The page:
Finally, on a sunny day of February 8, 1945, having killed a security guard, a group of 11 prisoners came up to the twin-engine bomber Heinkel He 111. The prisoners boarded the plane very quickly. They were lucky that no German anti-aircraft gun fired at them. They were lucky during the flight when Nazis sent a Luftwaffe ace after them, but he failed to find the fugitives. The other one, who was returning from a mission, could not execute the order due to the lack of ammunition. The fugitives were even luckier, when they landed on Soviet territory and when Soviet anti-aircraft gunners did not attack the German plane.

Igor Bukker

- See more at: http://www.pravdareport.com/history/12-03-2013/124046-death_camp_nazi-0/#sthash.ALmkkhWA.dpuf

21 Years Ago...

The 1995 Airstan incident was a 1995 international incident involving Russia and the Taliban of Afghanistan. In August 1995, Taliban-controlled fighter aircraft intercepted an Airstan Ilyushin Il-76TD transport aircraft, with seven Russian nationals on board, forcing it to land at Taliban-occupied Kandahar International Airport. The men were held prisoner for one year before making their escape; after overpowering their captors they re-possessed their aircraft, flying it to freedom.

In 1995, Afghanistan was in a state of civil war. In late 1994 the Taliban movement sprang out of Kandahar and by early 1995 had taken control of most of the country south of Kabul, forcing other Afghan groups to abandon territory. In August 1995 the Russian crew of the Ilyushin Il-76 was working for Tatarstan-based Airstan, which was in turn leasing their plane to Rus Trans Avia Export, a Russian company that was based in Sharjah, United Arab Emirates. On board the plane were Russian nationals: Vladimir Sharpatov (commander), Gazinur Khairullin (second pilot), Alexander Zdor (navigator), Askhad Abbyazov, Yuri Vshivtsev, Sergei Butuzov and Viktor Ryazanov. They were transporting 30 tons of weapons from Albania to the besieged Afghan President Burhanuddin Rabbani.

Capture and captivity
On 3 August 1995 a Taliban Air Force MiG-21 aircraft forced the Russian aircraft to land at Kandahar. Negotiations between the Russian government and the Taliban to free the men stalled for over a year and efforts by American senator Hank Brown to mediate between the two parties broke down over a prisoner exchange. The Taliban stated that they would free the airmen if the Russians released Afghans held by the Russian government. However the Russians denied holding any Afghan citizens. Brown was able to get the Taliban to agree that the Russian crew should be allowed to maintain their aircraft. This request paved the way for their escape.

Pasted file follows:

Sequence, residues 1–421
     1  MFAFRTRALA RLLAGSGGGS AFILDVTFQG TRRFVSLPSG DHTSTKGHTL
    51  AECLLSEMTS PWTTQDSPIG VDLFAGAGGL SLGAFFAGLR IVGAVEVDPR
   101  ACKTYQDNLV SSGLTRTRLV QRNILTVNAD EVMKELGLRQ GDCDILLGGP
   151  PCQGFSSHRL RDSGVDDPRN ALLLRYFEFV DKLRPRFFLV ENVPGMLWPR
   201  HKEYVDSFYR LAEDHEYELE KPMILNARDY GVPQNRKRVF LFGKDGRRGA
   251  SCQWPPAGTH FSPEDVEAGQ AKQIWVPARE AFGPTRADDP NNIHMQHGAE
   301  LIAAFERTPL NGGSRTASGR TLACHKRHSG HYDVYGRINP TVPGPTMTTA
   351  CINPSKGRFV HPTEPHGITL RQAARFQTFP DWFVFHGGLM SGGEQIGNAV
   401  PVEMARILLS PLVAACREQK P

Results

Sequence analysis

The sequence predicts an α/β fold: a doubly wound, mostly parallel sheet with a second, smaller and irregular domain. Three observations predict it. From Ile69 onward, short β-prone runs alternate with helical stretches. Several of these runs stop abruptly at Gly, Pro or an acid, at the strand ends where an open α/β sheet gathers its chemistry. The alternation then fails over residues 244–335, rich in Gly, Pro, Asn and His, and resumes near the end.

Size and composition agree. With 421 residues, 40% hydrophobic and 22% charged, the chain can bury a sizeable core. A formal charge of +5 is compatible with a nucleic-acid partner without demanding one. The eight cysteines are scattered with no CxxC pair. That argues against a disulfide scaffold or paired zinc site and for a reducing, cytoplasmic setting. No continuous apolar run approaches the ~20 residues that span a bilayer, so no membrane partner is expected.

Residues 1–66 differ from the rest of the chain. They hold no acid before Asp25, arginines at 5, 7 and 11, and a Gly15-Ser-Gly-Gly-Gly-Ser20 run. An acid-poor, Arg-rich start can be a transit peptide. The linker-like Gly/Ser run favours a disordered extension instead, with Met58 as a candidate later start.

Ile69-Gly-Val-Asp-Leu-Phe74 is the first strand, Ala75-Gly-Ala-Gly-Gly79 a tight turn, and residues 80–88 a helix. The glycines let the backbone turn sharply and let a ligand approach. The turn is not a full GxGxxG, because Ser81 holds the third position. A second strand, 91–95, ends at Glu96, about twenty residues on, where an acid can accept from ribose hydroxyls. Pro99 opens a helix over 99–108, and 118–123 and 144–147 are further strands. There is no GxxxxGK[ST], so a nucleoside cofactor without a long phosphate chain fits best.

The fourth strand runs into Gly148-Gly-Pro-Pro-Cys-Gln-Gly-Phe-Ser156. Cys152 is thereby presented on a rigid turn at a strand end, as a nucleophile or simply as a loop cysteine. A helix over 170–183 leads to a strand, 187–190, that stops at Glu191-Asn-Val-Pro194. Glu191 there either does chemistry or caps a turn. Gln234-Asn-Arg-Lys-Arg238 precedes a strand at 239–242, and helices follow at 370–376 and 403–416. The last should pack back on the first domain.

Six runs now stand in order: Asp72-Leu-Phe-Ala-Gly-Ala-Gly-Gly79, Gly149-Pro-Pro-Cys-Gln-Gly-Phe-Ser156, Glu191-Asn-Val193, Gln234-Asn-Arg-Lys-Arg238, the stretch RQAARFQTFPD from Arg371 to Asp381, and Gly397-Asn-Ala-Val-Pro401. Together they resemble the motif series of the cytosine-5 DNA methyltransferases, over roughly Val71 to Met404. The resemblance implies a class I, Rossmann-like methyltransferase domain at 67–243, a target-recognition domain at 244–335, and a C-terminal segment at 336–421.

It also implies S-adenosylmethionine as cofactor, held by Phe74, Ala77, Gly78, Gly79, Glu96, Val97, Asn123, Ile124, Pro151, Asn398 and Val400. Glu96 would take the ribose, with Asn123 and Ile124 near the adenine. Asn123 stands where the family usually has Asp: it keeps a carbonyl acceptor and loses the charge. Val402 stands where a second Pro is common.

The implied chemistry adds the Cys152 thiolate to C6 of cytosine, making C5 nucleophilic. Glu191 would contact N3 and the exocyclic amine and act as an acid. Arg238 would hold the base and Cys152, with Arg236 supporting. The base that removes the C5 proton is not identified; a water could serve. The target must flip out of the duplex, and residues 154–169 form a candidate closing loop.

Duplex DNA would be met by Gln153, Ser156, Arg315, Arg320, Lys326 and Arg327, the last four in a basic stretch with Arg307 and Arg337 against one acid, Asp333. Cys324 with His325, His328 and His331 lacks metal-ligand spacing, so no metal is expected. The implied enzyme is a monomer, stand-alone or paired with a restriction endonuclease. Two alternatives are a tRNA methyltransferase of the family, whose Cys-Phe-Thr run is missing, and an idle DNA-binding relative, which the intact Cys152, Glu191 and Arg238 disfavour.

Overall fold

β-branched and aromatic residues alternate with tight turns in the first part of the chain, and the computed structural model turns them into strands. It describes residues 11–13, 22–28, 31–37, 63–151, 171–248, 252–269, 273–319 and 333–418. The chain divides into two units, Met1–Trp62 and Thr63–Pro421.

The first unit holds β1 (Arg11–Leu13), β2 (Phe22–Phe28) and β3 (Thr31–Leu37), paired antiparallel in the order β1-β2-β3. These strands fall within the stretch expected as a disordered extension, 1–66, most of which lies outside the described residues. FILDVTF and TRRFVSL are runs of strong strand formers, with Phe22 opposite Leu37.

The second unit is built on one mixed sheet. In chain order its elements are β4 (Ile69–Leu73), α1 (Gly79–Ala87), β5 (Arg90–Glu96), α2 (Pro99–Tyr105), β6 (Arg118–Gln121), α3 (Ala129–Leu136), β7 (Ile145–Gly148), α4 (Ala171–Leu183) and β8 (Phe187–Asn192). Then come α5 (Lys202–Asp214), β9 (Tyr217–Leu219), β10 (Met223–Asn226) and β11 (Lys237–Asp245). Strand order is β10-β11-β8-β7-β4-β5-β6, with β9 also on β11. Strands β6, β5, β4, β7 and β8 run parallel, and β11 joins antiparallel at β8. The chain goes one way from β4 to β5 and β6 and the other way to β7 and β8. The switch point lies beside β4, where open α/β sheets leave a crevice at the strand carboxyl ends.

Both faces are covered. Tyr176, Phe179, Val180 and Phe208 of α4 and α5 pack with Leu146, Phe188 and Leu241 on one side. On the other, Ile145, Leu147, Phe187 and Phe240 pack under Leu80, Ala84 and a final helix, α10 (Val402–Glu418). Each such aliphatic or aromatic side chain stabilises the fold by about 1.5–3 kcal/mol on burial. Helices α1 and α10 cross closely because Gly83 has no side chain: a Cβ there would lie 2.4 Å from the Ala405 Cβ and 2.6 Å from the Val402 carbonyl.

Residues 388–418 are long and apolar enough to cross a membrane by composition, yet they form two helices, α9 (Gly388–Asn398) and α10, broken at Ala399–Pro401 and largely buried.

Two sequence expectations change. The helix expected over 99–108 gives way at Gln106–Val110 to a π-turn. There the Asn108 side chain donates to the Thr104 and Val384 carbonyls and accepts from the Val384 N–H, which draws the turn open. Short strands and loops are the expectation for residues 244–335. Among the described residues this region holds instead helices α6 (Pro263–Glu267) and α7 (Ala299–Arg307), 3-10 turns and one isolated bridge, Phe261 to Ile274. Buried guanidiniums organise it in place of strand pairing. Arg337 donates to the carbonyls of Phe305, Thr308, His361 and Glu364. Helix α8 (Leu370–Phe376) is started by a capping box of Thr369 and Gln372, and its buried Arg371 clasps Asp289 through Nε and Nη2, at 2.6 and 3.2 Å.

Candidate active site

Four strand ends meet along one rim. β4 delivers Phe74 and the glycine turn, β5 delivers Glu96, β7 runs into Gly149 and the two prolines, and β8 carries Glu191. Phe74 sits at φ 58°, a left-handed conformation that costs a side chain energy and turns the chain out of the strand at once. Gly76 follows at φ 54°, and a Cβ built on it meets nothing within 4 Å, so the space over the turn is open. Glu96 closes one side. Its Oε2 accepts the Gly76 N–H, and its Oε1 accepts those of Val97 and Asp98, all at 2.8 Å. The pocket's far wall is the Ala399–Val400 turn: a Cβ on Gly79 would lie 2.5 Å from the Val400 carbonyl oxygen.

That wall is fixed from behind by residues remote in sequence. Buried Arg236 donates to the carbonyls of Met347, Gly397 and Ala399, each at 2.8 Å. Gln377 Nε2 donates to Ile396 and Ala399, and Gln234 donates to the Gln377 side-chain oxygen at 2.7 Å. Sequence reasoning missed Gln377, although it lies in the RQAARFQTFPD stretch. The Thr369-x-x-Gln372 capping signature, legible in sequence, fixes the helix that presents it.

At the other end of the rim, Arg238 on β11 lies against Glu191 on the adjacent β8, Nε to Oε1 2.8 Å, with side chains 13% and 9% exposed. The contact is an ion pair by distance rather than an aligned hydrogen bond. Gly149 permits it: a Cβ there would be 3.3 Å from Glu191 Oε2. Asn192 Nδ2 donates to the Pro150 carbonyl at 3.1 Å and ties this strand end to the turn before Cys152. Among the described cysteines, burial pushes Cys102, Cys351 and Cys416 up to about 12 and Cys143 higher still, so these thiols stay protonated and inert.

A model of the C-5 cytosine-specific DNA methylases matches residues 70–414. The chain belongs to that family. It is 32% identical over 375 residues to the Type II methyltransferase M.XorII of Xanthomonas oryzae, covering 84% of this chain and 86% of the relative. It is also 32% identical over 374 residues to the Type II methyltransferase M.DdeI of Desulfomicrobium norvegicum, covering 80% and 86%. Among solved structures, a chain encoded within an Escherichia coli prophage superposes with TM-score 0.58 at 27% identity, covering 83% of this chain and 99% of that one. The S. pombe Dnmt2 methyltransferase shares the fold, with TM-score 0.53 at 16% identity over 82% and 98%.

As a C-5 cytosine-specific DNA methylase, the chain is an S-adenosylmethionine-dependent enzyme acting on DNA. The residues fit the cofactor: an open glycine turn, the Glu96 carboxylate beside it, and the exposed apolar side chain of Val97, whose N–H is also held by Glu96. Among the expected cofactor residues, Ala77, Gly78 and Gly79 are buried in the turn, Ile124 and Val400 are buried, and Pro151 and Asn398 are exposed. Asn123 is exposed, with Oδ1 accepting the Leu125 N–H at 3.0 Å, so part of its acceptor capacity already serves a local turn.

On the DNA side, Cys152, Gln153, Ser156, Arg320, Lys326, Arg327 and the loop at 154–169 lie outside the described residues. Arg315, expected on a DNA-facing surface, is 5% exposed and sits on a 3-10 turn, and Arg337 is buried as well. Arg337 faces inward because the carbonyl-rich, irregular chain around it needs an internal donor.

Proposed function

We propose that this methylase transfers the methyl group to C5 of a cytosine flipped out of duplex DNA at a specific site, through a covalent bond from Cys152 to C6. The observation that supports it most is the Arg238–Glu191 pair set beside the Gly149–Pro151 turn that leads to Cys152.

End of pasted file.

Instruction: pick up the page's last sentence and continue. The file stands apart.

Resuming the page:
The Russians had been planning their escape for over a year. After Hank Brown secured visits to their aircraft for the whole crew they secretly not only did routine maintenance but prepared it for flight. On each trip the crew would be guarded by six Taliban guards but on 16 August 1996, half of the guards left the crew for afternoon prayers. Seizing the opportunity, the Russians overpowered the remaining guards and the pilot was able to start one engine from the APU (itself started with a battery). With one engine running, the remaining three could easily be started. The aircraft, with all seven of the crew aboard, quickly taxied down the runway. The Taliban tried to block the runway with a fire truck but the aircraft was able to take to the air thus avoiding the obstacle.The escapees were able to quickly exit Taliban controlled airspace and charted a course to the United Arab Emirates. The crew's escape was greeted with excitement and relief by the Russians and Russian President Boris Yeltsin telephoned the crewmen to congratulate them as they flew to Russia on a Russian government aircraft.
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That was a very informative and enjoyable read @diman thanks for sharing it.